They don't. The landlord has no obligation to offer the tenant the property for purchase at all so there is no reason to offer a first right of refusal unless they are trying to use the tenants "maybe" buying as leverage with a different buyer.
You can check licensing requirements in WA. They also have a list of approved real estate schools that might help you.
If I lived in GA, I'd wouldn't hesitate to call this Zillow lender. He is active in Zillow advice, honest and very helpful.
I would not buy next to one and many buyers feel the same. They can be flood hazards, turn off buyers with children (even with a fence), they can smell in the times when water is scarer and turn into ugly stagnant pools. It may also affect your insurance cost. You can find out about easements from any local title company and ask the city/county about access in general. You will not be able to use your property, but you are unlikely to enjoy a tax break of any kind on your assessment. Unless this house is perfect in every other way, I would be looking for a discount so that when I went to sell I would not be holding the bag for the next buyer who might hesitate to buy as you are now. It is not a selling point for sure.
"I asked the agent and realized that it was written on one of the papers that I signed several months back."I agree that it is a bad fee. I hope your post makes people think twice about reading EVERYTHING line by line BEFORE they sign ANYTHING. If more people did that, I think this fee would stop.
A building is often better. Condos in most markets appreciate less in many markets over time with a few exceptions. Ask a local agent if your market is one of the rare exceptions otherwise stick with a building.
It's not going to happen. Don't waste your time emailing unless your Zestimate is at least 30-50% below your neighbors and might be a bug as opposed to a low valuation based on mainly public record/assessment. You best bet is making sure that your purchase price, home facts, bed/bath count and assessed value is correct. As an owner, that's about all you can do.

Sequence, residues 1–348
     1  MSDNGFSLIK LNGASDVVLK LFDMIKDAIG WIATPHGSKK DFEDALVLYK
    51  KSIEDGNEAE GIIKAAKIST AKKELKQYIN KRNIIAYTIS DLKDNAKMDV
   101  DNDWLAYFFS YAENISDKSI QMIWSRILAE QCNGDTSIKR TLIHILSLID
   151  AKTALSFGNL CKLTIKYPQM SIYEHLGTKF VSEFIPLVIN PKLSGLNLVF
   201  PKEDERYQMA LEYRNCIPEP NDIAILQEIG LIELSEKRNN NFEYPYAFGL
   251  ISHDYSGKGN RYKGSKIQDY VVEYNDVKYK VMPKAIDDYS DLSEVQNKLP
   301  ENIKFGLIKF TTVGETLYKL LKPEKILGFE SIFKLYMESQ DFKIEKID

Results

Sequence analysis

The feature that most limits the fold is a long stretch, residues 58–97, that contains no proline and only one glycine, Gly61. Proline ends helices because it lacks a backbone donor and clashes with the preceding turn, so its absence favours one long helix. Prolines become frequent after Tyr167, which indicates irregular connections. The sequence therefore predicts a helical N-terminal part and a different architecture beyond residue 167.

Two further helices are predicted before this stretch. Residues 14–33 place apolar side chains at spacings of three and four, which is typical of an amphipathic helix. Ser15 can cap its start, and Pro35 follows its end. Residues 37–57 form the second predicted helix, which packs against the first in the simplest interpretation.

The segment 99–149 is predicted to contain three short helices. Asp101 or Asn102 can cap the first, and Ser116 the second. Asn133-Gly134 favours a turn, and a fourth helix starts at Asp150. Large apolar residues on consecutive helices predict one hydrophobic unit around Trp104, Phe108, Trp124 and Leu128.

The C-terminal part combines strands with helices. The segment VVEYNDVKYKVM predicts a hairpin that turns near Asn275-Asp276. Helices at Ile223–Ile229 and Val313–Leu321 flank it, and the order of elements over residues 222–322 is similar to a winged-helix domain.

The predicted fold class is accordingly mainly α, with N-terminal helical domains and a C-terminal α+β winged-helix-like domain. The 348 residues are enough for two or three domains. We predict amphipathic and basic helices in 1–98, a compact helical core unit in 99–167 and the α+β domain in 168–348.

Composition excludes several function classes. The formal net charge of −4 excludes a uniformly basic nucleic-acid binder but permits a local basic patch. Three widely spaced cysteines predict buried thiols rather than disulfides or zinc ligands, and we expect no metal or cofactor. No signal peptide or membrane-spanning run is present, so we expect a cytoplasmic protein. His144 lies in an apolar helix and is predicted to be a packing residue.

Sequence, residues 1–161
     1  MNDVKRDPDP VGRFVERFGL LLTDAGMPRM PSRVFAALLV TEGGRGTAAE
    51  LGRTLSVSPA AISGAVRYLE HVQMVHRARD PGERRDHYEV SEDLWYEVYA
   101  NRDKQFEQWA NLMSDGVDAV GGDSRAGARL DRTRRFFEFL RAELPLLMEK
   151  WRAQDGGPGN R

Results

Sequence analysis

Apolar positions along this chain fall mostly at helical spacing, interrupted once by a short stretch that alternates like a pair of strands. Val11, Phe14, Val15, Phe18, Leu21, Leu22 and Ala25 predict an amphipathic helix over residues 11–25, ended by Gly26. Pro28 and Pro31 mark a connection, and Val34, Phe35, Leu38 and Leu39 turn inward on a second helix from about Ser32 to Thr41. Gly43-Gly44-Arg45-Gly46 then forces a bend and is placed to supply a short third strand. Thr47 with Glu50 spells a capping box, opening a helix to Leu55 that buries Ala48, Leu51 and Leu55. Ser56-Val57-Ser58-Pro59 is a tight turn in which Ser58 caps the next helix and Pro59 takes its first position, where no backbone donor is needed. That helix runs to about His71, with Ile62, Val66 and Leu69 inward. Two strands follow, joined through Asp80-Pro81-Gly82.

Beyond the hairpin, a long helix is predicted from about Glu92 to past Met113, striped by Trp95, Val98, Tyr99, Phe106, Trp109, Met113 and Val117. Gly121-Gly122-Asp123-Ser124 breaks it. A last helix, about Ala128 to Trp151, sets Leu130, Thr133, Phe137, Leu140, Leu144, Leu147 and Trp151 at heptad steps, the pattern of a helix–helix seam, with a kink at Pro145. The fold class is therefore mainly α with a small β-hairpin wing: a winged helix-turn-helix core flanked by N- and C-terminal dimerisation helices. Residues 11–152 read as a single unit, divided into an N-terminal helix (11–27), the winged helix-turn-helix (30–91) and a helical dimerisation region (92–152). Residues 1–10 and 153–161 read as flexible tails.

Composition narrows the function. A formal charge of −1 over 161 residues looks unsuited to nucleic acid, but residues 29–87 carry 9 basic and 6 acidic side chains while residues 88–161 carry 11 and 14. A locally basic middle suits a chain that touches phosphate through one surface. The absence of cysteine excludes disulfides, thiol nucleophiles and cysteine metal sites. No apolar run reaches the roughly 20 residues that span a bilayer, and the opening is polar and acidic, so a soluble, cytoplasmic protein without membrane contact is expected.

This buyer's agent should be stepping up and dealing with this issue actively with the seller's agent and getting their brokers involved if necessary to get the return of their earnest money outside of court and according to the contract. No good agent sits on their hands and threatens lawsuit for a cancellation made during the inspection period and no good buyer's agent should leave their client hanging without pursing every avenue prior to court.
I wouldn't. I would leave your listing active until your buyers get farther along in the process and have signed off on their inspection. Too many people treat an offer like a deal and it is not. Pulling your listing off can cost you buyers and marketing time.
Craig is right. Thumb to him. Send the buyers a formal demand letter and state that you will lien the property if the money is not returned pending the upcoming lawsuit. Send it return receipt and make sure to mail a copy to escrow, their agent and your agent so everyone know your intention.